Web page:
The Hubble space telescope
The power for Hubble’s scientific discoveries comes from solar cells. Designing and constructing Hubble’s first two sets of solar cell arrays constituted a huge technological achievement for the European Space Agency and European industry. After an in-orbit life of more than 8 years, this example of pioneering space technology was this morning (European time) replaced by new, more powerful arrays.
For the last week a dedicated team of engineers, technicians and scientists from the European Space Agency (ESA) has been focused intensely on the exchange of the solar arrays on the ESA/NASA Hubble Space Telescope. Based at NASA’s Goddard Space Flight Centre, which is the nerve centre for these operations, the team has spent an intense few days supporting NASA in the exchange of the solar arrays.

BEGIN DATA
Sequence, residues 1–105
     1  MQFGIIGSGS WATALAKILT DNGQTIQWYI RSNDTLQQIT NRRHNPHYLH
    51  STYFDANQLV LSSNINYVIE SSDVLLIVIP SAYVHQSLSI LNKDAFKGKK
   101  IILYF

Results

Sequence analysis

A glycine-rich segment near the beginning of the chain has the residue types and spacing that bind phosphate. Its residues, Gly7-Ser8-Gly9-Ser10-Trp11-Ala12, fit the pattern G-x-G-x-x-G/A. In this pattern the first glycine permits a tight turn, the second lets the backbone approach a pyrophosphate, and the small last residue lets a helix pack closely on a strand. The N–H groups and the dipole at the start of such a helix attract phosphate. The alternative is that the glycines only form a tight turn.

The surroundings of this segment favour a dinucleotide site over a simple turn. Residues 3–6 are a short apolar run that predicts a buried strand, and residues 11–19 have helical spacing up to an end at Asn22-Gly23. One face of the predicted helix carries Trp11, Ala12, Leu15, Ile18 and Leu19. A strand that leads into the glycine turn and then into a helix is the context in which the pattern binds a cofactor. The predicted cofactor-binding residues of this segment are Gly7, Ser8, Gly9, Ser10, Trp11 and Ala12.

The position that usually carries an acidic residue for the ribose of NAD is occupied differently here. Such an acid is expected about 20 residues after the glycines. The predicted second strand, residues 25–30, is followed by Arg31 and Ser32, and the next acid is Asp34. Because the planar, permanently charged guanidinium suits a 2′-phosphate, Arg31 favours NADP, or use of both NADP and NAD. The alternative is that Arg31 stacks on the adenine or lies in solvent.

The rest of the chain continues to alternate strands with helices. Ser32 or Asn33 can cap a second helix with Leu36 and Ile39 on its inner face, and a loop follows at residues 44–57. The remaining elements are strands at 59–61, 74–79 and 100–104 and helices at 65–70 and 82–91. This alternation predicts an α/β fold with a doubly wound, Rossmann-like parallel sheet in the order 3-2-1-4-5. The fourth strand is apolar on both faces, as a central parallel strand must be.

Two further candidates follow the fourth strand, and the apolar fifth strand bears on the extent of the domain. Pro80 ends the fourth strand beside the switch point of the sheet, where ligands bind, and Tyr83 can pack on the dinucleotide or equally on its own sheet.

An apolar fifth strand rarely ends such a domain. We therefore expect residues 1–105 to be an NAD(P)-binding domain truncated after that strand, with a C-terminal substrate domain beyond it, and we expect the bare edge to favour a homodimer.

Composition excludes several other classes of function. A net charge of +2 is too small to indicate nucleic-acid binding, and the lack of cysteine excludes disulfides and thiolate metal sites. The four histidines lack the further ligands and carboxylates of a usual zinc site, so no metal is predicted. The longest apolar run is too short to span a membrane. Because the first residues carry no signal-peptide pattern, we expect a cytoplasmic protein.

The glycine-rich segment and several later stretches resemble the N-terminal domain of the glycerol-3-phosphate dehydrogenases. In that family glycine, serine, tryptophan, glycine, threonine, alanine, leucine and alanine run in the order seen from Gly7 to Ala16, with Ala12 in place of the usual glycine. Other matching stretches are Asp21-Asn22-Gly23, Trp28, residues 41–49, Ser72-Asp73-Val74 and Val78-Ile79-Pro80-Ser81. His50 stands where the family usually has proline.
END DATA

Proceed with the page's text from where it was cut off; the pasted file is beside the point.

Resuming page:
Team leader, project manager Ton Linssen from ESA’s Science Directorate at ESTEC, the Netherlands, explains: "The new arrays are yet another step in the longstanding, international partnership between ESA and NASA. ESA provided the first two sets of solar arrays, and for the third pair ESA and European industry designed, developed and tested the drive mechanisms which manoeuvre the arrays so that they stay pointed at the Sun. ESA was also involved in a unique testing of the new arrays in October 2000, which had never been done before. In the huge test chamber at ESTEC the rapid temperature change around sunset and sunrise in orbit can be simulated and any, even very small, movement of the arrays can be measured. Our facility is the only place in the world where this can be done."
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